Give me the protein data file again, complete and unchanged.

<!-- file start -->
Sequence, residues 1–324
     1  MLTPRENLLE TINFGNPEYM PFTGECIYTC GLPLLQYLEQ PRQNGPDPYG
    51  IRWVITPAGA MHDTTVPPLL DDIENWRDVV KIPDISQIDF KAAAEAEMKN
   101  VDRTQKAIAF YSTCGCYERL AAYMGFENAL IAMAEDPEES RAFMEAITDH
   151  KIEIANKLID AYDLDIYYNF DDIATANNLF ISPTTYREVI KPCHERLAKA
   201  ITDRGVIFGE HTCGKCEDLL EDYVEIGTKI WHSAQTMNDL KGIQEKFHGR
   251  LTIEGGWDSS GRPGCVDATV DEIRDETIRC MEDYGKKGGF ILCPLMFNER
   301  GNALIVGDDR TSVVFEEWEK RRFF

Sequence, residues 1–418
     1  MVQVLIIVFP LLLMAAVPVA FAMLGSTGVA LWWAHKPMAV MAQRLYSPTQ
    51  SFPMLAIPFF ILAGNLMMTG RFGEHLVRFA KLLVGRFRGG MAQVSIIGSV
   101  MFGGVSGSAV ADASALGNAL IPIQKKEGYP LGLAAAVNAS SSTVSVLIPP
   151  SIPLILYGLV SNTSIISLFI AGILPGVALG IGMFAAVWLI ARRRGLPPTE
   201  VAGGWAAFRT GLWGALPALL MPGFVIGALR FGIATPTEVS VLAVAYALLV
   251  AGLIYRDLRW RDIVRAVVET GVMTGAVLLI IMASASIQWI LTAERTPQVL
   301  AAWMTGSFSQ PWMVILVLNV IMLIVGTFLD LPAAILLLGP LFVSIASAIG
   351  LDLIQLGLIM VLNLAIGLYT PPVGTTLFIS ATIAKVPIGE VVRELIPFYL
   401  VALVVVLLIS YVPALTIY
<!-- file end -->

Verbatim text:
Sequence, residues 1–324
     1  MLTPRENLLE TINFGNPEYM PFTGECIYTC GLPLLQYLEQ PRQNGPDPYG
    51  IRWVITPAGA MHDTTVPPLL DDIENWRDVV KIPDISQIDF KAAAEAEMKN
   101  VDRTQKAIAF YSTCGCYERL AAYMGFENAL IAMAEDPEES RAFMEAITDH
   151  KIEIANKLID AYDLDIYYNF DDIATANNLF ISPTTYREVI KPCHERLAKA
   201  ITDRGVIFGE HTCGKCEDLL EDYVEIGTKI WHSAQTMNDL KGIQEKFHGR
   251  LTIEGGWDSS GRPGCVDATV DEIRDETIRC MEDYGKKGGF ILCPLMFNER
   301  GNALIVGDDR TSVVFEEWEK RRFF

Sequence, residues 1–418
     1  MVQVLIIVFP LLLMAAVPVA FAMLGSTGVA LWWAHKPMAV MAQRLYSPTQ
    51  SFPMLAIPFF ILAGNLMMTG RFGEHLVRFA KLLVGRFRGG MAQVSIIGSV
   101  MFGGVSGSAV ADASALGNAL IPIQKKEGYP LGLAAAVNAS SSTVSVLIPP
   151  SIPLILYGLV SNTSIISLFI AGILPGVALG IGMFAAVWLI ARRRGLPPTE
   201  VAGGWAAFRT GLWGALPALL MPGFVIGALR FGIATPTEVS VLAVAYALLV
   251  AGLIYRDLRW RDIVRAVVET GVMTGAVLLI IMASASIQWI LTAERTPQVL
   301  AAWMTGSFSQ PWMVILVLNV IMLIVGTFLD LPAAILLLGP LFVSIASAIG
   351  LDLIQLGLIM VLNLAIGLYT PPVGTTLFIS ATIAKVPIGE VVRELIPFYL
   401  VALVVVLLIS YVPALTIY